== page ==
What’s Next?

Ruth Bader Ginsburg died Friday night, leaving her seat open on the Supreme Court. Now the leaders of the Senate are debating how and when to fill her seat.

September 19, 2020

Many voters suspected this election would determine who replaced Justice Ruth Bader Ginsburg, whose health had been deteriorating. Now, what seemed like a concern for the election has jumped to the top of the agenda. Key Republicans, including President Donald Trump and Senate Majority Leader Mitch McConnell (R-Kentucky), are pushing to vote on Ginsburg’s replacement before Election Day–less than two months away. 

Trump claimed this morning that Senate Republicans have an “obligation” to move forward with a replacement process, according to AP News.

Ginsburg’s dying wish was to be replaced after the election.

Senate Minority Leader Chuck Schumer (D-New York), and Presidential candidate Joe Biden oppose a hasty reappointment.

“But there is no doubt, let me be clear: that the voters should pick the President, the President should pick the justice for the Senate to consider,” Biden said in a statement about Ginsburg’s passing. “This was the position the Republican Senate took in 2016 when there were almost 10 months to go before the election. That’s the position the Senate must take today.”

Some Republican Senators, including Lisa Murkowski (R-Alaska), also oppose McConnell’s announcement.

“When Republicans held off Merrick Garland it was because nine months prior to the election was too close, we needed to let people decide,” Murkowski said in a statement in a CBS News article.

A quick vote would set a double standard. When Justice Antonin Scalia–who was Ginsburg’s close friend–died 9 months before the 2016 election, the Senate waited until after the election to appoint his replacement. 

McConnell has not released a timeframe for the Senate to vote, but he likely will in the coming days. 

It remains unclear who the actual nominee would be out of the 20 candidates Trump shortlisted about a week ago. Many of the candidates were state and federal judges, two were former solicitors general, and one was deputy assistant and deputy counsel to the President. Most surprising, however, was the fact that Trump was considering three sitting U.S. Senators for the position: Tom Cotton (R-Arkansas), Ted Cruz (R-Texas), and Josh Hawley (R-Missouri).

Hawley quickly made it clear he had no intention of serving on the Supreme Court, though he stated his support for filling the vacancy as quickly as possible. Cruz also stated that he didn’t want to join the court. Cotton, on the other hand, seemed to be willing to throw his hat in the ring.

Tom Cotton is a veteran from Iraq and Afghanistan who has served as U.S. Senator for Arkansas since 2014. During his time in the Senate, he helped remove the individual mandate of the Affordable Care Act, voted for and sponsored Veteran’s Affairs reforms, and worked to lower prescription drug prices.

Cotton opposes abortion, non-heterosexual marriage, and gun control legislation. He supports increased oil and gas production, I.C.E., and a death penalty for killing police officers. His foreign policy views include support for Jerusalem as Israel’s capital, opposing the Iran nuclear deal, and saying that the wars in Iraq and Afghanistan were “just and necessary.”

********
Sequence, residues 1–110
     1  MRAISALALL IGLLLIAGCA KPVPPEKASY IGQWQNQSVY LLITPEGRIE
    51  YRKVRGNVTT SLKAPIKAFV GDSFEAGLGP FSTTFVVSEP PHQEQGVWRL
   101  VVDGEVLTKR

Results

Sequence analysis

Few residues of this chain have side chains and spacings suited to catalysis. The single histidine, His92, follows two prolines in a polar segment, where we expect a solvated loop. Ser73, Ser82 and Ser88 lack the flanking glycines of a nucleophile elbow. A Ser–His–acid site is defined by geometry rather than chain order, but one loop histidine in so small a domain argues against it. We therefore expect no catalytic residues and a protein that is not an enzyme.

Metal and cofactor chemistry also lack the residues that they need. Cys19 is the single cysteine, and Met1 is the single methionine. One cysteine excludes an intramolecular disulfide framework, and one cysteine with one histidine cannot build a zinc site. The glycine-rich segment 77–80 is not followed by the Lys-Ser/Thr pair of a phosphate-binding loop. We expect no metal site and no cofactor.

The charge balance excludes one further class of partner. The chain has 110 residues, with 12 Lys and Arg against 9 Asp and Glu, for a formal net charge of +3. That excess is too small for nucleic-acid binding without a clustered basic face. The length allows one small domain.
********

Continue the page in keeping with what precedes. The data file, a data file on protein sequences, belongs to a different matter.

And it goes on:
When Trump announced that Cotton, despite boasting no judicial experience, was on his Supreme Court shortlist, Cotton tweeted that “It’s time for Roe V. Wade to go,” signaling his intention to repeal the 1973 decision, which legalized abortion nationwide. 

It’s still unknown how Cotton’s appointment would affect the U.S. senate race in Arkansas. If Cotton were to be confirmed to the Supreme Court, he would then resign from the Senate; however, Cotton is also actively running for reelection, with no Democratic opponent. If the Senate seat were to become vacant, it’s unclear exactly what the process would be for filling it. 

States normally hold special elections to fill the vacancies in the Senate, and the winner serves the rest of the term. In this case, however, Cotton would resign less than two months before the general election, and well after the Arkansas GOP held their primary. More importantly, Cotton’s term will expire in January, meaning that whoever won a special election would potentially only serve for two months.

The most plausible outcome would be that Arkansas Governor Asa Hutchinson would appoint someone to serve as Acting Senator, and that person would then run as the GOP candidate in the general election. However, the filing deadline for this election was last November, so it’s unclear if said Acting Senator would even be eligible to run.

Almost none of Trump’s potential nominees are left of center and many are far-right. Several voices want to wait until the election to see if Biden wins so he can provide a different list for possible nominees. Biden, who presided over Ginsburg’s appointment hearing during the Clinton administration, would almost certainly create a list containing more liberals, which would replace Ginsburg with someone who shares similar views.

Ginsburg served on the Supreme court since 1993, making her the longest-serving woman on the Supreme Court. She stands as a political and cultural icon for her work with the Women’s Rights Project in the 1970s when she argued six cases before the supreme court–before she became a justice. As a justice, she took a hard liberal stance while still remaining a close colleague of more conservative justices.

If one of Trump’s shortlisted candidates is confirmed, the conservative-liberal ratio on the Supreme Court would become 6-3.

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